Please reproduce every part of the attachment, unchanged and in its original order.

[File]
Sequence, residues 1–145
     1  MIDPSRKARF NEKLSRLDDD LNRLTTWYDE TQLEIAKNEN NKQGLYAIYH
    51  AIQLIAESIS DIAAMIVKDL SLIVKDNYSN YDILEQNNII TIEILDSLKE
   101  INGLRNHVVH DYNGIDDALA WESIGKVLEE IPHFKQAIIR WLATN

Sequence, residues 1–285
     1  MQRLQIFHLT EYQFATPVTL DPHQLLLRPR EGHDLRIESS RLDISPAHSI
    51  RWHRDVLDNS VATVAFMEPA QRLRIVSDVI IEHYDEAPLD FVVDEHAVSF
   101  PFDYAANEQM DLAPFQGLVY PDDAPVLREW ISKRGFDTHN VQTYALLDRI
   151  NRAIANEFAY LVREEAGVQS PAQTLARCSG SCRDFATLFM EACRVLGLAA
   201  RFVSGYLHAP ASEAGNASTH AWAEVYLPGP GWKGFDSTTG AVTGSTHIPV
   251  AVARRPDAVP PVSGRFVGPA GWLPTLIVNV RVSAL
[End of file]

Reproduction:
Sequence, residues 1–145
     1  MIDPSRKARF NEKLSRLDDD LNRLTTWYDE TQLEIAKNEN NKQGLYAIYH
    51  AIQLIAESIS DIAAMIVKDL SLIVKDNYSN YDILEQNNII TIEILDSLKE
   101  INGLRNHVVH DYNGIDDALA WESIGKVLEE IPHFKQAIIR WLATN

Sequence, residues 1–285
     1  MQRLQIFHLT EYQFATPVTL DPHQLLLRPR EGHDLRIESS RLDISPAHSI
    51  RWHRDVLDNS VATVAFMEPA QRLRIVSDVI IEHYDEAPLD FVVDEHAVSF
   101  PFDYAANEQM DLAPFQGLVY PDDAPVLREW ISKRGFDTHN VQTYALLDRI
   151  NRAIANEFAY LVREEAGVQS PAQTLARCSG SCRDFATLFM EACRVLGLAA
   201  RFVSGYLHAP ASEAGNASTH AWAEVYLPGP GWKGFDSTTG AVTGSTHIPV
   251  AVARRPDAVP PVSGRFVGPA GWLPTLIVNV RVSAL